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A new study shows health disparities cost Texas billions of dollars; Senate rejects impeachment articles against Mayorkas, ending trial against Cabinet secretary; Iowa cuts historical rural school groups.

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The Senate dismisses the Mayorkas impeachment. Maryland Lawmakers fail to increase voting access. Texas Democrats call for better Black maternal health. And polling confirms strong support for access to reproductive care, including abortion.

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Rural Wyoming needs more vocational teachers to sustain its workforce pipeline, Ohio environmental advocates fear harm from a proposal to open 40-thousand forest acres to fracking and rural communities build bike trail systems to promote nature, boost the economy.

Census: Incomes Rising, But Persistent Inequality Still Plagues Nevada

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Friday, September 15, 2017   

CARSON CITY, Nev. – Almost 14 percent of Nevadans live below the federal poverty level - but that's an improvement over last year and is a little better than the national average, according to new data from the U.S. Census Bureau.

The new statistics show that the median household income is rising, and stands at about $55,000. That's a bit under the national average, but the median price of a home is almost $35,000 higher than the national figure.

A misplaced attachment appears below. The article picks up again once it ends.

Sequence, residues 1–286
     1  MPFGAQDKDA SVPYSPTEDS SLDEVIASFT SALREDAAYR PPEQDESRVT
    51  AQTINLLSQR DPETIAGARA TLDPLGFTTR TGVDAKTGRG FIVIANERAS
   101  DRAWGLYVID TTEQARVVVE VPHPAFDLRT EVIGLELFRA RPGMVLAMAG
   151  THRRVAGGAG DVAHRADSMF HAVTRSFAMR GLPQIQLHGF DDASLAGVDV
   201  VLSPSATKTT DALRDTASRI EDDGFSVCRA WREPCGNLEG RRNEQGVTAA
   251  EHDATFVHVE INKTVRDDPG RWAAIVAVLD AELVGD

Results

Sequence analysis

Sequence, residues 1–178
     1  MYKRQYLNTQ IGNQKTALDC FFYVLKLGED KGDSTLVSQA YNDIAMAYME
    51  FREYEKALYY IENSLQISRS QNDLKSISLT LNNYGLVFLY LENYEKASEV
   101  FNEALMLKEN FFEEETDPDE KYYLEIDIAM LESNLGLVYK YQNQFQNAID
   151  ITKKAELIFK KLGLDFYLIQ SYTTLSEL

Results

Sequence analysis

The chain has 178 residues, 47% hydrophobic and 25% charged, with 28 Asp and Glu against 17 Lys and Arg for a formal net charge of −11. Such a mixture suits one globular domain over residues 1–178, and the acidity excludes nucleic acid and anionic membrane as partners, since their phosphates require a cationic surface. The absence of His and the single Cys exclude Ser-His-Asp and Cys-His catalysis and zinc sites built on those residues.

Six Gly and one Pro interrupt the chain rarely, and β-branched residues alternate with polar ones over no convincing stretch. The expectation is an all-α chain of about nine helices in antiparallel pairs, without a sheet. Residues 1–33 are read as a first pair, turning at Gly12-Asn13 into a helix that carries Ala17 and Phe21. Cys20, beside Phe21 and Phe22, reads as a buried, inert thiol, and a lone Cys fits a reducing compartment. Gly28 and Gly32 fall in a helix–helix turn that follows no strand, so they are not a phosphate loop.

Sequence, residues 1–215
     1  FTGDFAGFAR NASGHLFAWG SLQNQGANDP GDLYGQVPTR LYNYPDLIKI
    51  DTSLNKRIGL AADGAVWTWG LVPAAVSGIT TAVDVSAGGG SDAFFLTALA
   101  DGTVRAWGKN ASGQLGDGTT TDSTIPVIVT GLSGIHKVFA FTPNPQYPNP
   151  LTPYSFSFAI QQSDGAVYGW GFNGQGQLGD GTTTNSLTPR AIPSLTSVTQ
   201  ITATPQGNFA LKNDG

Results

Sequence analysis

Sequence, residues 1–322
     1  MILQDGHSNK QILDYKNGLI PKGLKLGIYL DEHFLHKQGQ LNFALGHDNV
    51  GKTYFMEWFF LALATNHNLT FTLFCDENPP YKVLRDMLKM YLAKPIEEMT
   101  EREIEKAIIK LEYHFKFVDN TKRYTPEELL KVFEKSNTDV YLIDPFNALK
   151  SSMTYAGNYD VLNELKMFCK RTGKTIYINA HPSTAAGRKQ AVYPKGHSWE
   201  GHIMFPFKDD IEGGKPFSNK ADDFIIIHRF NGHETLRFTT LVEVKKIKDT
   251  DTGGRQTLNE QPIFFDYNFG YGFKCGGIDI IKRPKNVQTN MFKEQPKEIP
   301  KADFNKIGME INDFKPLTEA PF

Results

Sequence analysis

Elliott Parker, a professor of economics at the University of Nevada Reno, says the Reno area's white-hot real estate market, in particular, has hurt lower income families.

"Housing prices here have grown the fastest of any of the 400 metropolitan areas in the nation," he says. That is relative to the bottom we hit several years ago. I think it was around 2012 when housing prices finally stopped declining."

Anti-poverty advocates have been trying for years to get a bump in the minimum wage to $15 an hour. This year, the Legislature passed a $12-an-hour minimum wage, and $11 if you have health insurance, but Gov. Brian Sandoval vetoed that measure. The next Legislature doesn't meet until 2019 - after next year's election.

Parker says persistent inequality - the gap in income between rich and poor - is particularly striking in the Silver State.

"Nevada has one of the more unequal distributions of income in the nation," notes. "Some numbers I've seen suggest that the top one percent has 44 times the income of the average of the bottom 99 percent, and there's only a couple states in the country that have a higher ratio than that."

The supplemental poverty rate, which takes cost of living into account, shows Nevada is a more expensive place to live compared with the national average.

Almost 14 percent of Nevadans live below the federal poverty level - but that's an improvement over last year - according to new data from the U.S. Census Bureau. Suzanne Potter has more.


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